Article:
The strength of the evidence (high, moderate, low, or insufficient evidence to determine benefits or risks) and strength of recommendations (strong, weak) are defined at the end of the "Major Recommendations" field.
Recommendation 1: The American College of Physicians (ACP) recommends against screening for chronic kidney disease (CKD) in asymptomatic adults without risk factors for CKD. (Grade: weak recommendation; low-quality evidence)
Screening is recommended when it improves important clinical outcomes while limiting harms for screened individuals. Screening for CKD does not meet these generally accepted criteria for population-based screening. Although prevalence increases with age, CKD has a relatively low prevalence in the general population without risk factors. The accuracy of available screening measures for CKD or its progression is uncertain. No available evidence evaluates the sensitivity and specificity of various screening tests in the general population. Albuminuria and serum creatinine-derived estimated glomerular filtration rate (GFR) are widely available in primary care settings, with a high sensitivity and high specificity for 1-time measures of renal damage or dysfunction, but the risk for false-positive results is also very high.
There was no evidence evaluating the benefits of early treatment in patients identified by screening. In contrast, harms, including false-positive results, disease labeling, and unnecessary testing and treatment, are associated with the screening. Given the potential harms of screening for stage 1 to 3 CKD and unknown benefits, current evidence does not support screening for stage 1 to 3 CKD in adults without risk factors.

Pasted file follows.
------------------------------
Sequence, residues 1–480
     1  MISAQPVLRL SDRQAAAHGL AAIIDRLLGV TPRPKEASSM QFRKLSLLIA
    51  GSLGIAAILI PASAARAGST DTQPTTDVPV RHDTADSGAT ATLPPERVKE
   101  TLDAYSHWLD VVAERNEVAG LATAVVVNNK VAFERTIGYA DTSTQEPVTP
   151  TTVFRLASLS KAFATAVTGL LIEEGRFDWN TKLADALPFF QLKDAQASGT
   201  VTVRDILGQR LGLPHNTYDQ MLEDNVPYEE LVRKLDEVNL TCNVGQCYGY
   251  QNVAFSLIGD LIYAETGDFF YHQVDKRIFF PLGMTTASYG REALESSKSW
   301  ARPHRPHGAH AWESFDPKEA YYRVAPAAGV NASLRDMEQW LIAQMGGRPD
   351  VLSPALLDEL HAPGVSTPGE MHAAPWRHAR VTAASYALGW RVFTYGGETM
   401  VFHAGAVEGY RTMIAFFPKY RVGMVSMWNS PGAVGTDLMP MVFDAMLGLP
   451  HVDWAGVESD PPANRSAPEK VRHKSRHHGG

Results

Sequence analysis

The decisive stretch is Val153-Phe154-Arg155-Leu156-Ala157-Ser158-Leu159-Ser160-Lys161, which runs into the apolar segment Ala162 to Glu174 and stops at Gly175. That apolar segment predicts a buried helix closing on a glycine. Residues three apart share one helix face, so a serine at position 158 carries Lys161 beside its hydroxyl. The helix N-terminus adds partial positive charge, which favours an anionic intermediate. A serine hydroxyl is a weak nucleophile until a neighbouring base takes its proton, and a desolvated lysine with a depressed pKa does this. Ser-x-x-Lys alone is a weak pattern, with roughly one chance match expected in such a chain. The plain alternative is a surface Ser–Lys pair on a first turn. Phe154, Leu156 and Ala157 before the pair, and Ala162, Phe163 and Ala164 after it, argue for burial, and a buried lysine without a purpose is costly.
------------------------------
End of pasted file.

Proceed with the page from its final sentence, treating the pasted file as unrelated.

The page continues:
Recommendation 2: ACP recommends against testing for proteinuria in adults with or without diabetes who are currently taking an angiotensin-converting enzyme (ACE) inhibitor or an angiotensin II–receptor blocker (ARB). (Grade: weak recommendation; low-quality evidence)
Evidence suggests that treatment with ACE inhibitors (moderate-quality evidence) or ARBs (high-quality evidence) reduces the risk for end-stage renal disease (ESRD). Whether there are additional benefits of testing patients who are already taking ACE inhibitors or ARBs for proteinuria is unknown. Proteinuria is an intermediate marker; there is no evidence that monitoring proteinuria levels in patients taking ACE inhibitors or ARBs is beneficial or that reduced proteinuria levels translate into improved outcomes for patients with CKD.